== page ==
|• Mayor||Vitalie Colun|
|• Total||8,5 km2 (33 sq mi)|
|• Density||3,941,2/km2 (102,080/sq mi)|
|Time zone||EET (UTC+2)|
|• Summer (DST)||EEST (UTC+3)|
Orhei (Romanian pronunciation: [orˈhej]), older Orgeev (Russian: Орге́ев) (Yiddish Uriv – אוריװ), is a city and the administrative centre of Orhei District in Moldova with a population of 32,000. Orhei is approximately 40 kilometers north of the capital, Chişinău.
Most people speak Romanian and Russian. There is one school that is taught in Russian.
Orhei takes its name from the medieval city of Old Orhei, about 10 miles below the modern city on the Reut River, which was destroyed by the Crimean Tatars in the 14th to 16th centuries. It was the Turkish military center of northern Bessarabia until it was taken by the Russian Empire in 1812.
Like the rest of Bessarabia, Orhei became part of the Kingdom of Romania after World War I and was occupied by the USSR in 1940. It was completely destroyed during the Jassy–Kishinev Offensive of August 1944 and was rebuilt after the war. In 1991 it became part of the Republic of Moldova.
The name "Orhei" is, according to one theory, derived from the Hungarian word Őrhely, meaning "lookout post", dating from the 13th century, when Hungarian forces built a series of defences in the area.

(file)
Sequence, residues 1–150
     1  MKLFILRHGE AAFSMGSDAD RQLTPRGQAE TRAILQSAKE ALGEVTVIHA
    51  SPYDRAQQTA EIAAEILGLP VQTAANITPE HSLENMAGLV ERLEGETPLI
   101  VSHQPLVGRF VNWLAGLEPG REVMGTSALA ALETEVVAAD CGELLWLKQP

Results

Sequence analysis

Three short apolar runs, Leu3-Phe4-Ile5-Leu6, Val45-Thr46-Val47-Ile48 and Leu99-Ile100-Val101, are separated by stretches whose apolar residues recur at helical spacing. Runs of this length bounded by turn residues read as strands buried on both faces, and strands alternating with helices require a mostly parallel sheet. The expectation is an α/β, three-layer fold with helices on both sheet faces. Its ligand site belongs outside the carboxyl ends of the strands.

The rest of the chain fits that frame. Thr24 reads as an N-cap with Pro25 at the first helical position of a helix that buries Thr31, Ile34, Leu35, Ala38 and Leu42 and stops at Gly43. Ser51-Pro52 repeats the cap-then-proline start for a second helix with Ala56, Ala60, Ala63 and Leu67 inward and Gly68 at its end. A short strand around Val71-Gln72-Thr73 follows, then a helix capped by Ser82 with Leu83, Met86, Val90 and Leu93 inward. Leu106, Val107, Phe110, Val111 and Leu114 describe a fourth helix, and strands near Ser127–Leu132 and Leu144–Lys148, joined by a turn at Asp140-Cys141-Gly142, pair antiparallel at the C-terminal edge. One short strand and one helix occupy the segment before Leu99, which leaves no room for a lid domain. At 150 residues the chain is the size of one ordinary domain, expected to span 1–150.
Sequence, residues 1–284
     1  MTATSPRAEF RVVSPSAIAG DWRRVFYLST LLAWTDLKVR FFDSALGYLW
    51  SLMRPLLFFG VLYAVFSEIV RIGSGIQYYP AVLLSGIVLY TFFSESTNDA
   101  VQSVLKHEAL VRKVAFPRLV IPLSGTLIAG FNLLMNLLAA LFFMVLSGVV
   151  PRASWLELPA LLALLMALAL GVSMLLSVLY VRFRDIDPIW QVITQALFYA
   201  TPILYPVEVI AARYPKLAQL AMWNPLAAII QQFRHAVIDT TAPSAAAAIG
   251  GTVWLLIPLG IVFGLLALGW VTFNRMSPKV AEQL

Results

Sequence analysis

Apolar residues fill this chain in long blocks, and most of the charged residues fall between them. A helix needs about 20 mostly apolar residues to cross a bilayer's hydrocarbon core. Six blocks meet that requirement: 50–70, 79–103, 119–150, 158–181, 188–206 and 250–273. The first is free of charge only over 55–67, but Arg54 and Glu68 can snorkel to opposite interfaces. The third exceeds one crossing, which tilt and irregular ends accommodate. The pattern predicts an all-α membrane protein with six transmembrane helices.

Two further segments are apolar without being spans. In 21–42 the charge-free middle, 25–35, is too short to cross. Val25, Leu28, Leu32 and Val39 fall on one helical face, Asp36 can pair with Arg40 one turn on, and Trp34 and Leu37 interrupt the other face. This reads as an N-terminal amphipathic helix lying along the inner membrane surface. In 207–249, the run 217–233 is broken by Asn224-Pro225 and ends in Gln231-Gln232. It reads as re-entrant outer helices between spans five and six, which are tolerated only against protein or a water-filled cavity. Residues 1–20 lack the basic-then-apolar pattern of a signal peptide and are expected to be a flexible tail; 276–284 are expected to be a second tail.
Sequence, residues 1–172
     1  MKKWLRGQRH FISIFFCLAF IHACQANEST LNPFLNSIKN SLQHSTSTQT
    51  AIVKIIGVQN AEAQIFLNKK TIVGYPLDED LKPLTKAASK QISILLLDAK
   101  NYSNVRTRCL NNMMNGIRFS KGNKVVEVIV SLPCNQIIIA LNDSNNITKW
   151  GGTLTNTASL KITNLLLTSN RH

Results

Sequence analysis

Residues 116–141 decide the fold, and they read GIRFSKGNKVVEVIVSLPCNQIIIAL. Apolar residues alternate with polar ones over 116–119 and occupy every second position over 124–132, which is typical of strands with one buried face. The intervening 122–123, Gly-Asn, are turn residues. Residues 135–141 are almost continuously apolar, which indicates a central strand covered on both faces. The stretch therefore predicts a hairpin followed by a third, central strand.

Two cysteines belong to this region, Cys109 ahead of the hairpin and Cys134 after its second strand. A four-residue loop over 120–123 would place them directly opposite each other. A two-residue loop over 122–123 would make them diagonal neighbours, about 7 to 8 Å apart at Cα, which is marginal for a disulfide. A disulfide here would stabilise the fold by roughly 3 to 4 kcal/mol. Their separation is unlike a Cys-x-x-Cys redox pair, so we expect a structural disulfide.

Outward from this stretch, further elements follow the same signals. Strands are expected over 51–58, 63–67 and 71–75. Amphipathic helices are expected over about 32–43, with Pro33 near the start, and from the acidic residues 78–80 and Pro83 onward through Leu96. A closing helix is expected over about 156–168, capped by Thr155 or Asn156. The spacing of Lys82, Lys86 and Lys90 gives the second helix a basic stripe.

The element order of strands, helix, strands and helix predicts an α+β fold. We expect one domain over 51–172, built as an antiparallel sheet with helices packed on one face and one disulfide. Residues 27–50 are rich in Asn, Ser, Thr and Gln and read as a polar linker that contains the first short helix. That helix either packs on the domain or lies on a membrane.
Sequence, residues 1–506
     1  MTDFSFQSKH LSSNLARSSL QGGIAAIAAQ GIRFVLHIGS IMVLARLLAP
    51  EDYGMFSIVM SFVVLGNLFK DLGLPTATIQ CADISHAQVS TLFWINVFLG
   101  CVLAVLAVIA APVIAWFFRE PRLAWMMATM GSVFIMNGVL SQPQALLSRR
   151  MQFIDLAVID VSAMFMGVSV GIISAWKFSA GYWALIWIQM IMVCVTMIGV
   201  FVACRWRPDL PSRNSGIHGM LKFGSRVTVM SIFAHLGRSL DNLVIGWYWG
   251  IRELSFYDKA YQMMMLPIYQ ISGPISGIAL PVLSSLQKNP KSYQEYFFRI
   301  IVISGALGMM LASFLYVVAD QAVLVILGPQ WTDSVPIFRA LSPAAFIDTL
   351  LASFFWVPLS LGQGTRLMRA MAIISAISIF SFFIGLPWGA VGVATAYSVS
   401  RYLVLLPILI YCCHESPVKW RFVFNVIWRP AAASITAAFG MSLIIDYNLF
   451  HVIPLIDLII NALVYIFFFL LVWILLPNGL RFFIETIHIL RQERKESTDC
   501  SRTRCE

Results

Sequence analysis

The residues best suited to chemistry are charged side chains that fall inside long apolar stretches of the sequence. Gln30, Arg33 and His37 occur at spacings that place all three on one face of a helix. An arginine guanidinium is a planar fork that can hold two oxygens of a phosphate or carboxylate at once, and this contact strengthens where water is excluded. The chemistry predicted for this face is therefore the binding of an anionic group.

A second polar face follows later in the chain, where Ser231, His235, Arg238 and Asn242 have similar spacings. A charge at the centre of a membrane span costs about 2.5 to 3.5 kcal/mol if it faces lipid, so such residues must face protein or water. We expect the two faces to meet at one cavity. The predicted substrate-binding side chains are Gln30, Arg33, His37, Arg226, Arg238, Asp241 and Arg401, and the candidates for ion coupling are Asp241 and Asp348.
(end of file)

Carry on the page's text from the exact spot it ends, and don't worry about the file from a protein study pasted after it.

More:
Orhei was home to many Jews prior to World War II, and has a large Jewish cemetery . There is only one active synagogue left in the community. The main churches are Russian Orthodox. Also in the area are Baptist, Roman Catholic, a Seventh-day Adventist Church, The Church of Jesus Christ of Latter-day Saints, The Salvation Army and Jehovah's Witnesses.
International relations 
Twin towns – Sister cities 
Orhei is twinned with:
Notable people 
- Russian poet and member of the French Resistance David Knut was born in Orhei.
- Mihail Maculeţchi, Romanian politician
- Romanian painter Natalia Vîrlan was born in this town.
- Paul Goma, a Romanian writer was born in Mana, near Orhei.
- Rodica Mahu
- Ilie Cătărău was born near Orhei.
- Jacobo Fijman was born in Orhei.
|Wikimedia Commons has media related to: Orhei|
- "Slavic Orgeev, Orkhei and Hungarian Őrhely," Ural-altaische Jahrbücher 61 (1989), p. 127.
- Nándor Bárdi, László Diószegi, András Gyertyánfy, "Hungarians in Moldavia", Magyar Kisebbség 1–2 (7–8), 1997 (III), pp. 370–390.
- "Piatra Neamţ – Twin Towns". 2007–2008 Piatra-Neamt.net. Retrieved 27 September 2009.